On an industry-by-industry basis, these unions are structured as industry
federations. Basic pay, allowances, production capacity, production rules, and
working conditions relating to that industry are all part of the talks and
negotiating. In one industry, bargaining at the industry level ensures
homogeneity in labour costs and working conditions. Bargaining at the industry
level might also take the form of a mix of industry and region-based bargaining.
Because of the varying levels of performance, technology, and productivity,
industry-level negotiating has grown less successful over time, and standard pay
and allowances are not conceivable as concerns at industry-level negotiation.
When the management of a multi-plant firm negotiates a single agreement with
numerous unions for all of its factories, this is referred to as corporate
collective bargaining. Corporate management frequently conducts collective
bargaining with representatives from several factories. The benefit of corporate
level negotiating is that it ensures consistency across all of the company's
locations and prevents conflicts that emerge from disparities.
When collective bargaining takes place at the corporate level, with its
multi-plant structure, it's easy to overlook concerns that are critical at the
Furthermore, when this is done for huge public sector organisations such as HMT,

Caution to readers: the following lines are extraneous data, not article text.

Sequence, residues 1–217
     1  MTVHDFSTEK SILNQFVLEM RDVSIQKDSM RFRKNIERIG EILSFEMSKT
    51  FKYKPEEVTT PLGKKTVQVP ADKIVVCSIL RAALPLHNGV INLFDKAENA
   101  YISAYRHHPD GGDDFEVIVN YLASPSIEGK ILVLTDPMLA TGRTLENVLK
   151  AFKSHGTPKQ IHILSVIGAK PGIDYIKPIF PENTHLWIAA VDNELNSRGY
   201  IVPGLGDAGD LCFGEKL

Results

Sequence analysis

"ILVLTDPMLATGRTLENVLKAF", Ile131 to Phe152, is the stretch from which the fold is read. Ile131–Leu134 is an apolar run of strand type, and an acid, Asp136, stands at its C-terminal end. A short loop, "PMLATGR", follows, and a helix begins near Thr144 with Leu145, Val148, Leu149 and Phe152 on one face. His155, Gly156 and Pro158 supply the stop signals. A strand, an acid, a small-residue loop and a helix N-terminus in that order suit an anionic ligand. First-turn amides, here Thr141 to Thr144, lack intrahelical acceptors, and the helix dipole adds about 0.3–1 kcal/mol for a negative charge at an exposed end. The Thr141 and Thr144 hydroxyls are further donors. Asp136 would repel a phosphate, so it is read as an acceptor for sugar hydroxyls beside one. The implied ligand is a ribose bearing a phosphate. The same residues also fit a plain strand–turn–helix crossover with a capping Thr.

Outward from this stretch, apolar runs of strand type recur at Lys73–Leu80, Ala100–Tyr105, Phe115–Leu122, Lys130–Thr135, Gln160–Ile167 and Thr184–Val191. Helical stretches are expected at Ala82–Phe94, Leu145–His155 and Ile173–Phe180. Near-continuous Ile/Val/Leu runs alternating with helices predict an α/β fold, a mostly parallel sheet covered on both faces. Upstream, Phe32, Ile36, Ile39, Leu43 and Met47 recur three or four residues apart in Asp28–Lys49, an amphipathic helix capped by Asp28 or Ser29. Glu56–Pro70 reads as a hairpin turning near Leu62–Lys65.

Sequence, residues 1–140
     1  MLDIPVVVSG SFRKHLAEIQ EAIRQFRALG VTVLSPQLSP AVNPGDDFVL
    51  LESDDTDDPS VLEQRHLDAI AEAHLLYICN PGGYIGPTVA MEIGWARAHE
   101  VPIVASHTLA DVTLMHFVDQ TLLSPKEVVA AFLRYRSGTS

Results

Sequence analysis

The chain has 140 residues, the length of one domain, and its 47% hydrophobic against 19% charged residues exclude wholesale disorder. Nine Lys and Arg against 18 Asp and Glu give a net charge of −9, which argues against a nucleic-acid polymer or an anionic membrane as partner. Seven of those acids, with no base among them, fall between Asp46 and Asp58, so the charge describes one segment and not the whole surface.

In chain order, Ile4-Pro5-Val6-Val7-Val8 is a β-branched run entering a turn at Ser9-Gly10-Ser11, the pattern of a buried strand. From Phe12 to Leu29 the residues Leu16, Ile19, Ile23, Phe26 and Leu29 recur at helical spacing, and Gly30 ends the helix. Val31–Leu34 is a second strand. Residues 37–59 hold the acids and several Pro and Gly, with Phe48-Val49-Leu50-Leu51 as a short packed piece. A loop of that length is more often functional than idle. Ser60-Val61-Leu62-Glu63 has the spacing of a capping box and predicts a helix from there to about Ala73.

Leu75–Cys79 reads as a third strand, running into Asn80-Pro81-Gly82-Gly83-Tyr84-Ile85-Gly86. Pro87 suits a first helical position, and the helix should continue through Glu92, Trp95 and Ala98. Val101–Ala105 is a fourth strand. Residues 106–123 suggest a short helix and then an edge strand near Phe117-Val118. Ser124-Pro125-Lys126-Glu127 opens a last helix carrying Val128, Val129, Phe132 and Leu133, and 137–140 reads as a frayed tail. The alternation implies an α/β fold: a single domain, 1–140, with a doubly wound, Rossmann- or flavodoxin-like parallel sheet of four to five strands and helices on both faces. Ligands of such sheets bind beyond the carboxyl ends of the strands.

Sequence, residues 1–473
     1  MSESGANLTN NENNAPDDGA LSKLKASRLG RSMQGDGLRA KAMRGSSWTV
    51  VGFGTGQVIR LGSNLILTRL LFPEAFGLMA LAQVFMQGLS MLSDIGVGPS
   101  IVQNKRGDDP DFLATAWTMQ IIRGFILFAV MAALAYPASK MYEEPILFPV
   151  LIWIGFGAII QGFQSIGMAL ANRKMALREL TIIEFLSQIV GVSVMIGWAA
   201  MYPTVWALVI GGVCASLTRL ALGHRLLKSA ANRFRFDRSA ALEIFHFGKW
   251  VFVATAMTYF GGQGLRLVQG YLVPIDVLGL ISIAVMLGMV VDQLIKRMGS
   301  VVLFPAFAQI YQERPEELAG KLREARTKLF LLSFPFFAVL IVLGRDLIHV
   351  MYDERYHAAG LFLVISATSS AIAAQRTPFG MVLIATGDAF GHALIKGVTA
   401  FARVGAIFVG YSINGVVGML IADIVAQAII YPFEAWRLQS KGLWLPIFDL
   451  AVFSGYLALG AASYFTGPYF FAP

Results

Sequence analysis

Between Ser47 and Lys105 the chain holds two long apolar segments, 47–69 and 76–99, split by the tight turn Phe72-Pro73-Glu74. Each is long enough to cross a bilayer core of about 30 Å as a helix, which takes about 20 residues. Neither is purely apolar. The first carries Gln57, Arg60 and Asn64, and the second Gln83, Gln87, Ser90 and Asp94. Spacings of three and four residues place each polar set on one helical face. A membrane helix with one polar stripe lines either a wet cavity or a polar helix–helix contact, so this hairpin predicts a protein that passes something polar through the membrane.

ONGC, or BHEL, the management is limited in their ability to bargain,
particularly in the Indian context, due to political involvement. The Ministry
of Public Enterprises (MoPE) and the Bureau of Public Enterprises (BPE) both
have guidelines. Corporate management is unable to engage in serious
negotiations, and many issues pertinent to various plants may be overlooked.
The majority of India's private sector firms engage in plant-level collective
bargaining. Plant-level collective bargaining takes place between the management
of a certain plant or industrial site. The problems are specific to particular
facility or firm. Performance-related or pay productivity-related discussions
are the cornerstone and foundation of such agreements. Another advantage of
plant-level negotiating is that it allows for separate discussions. These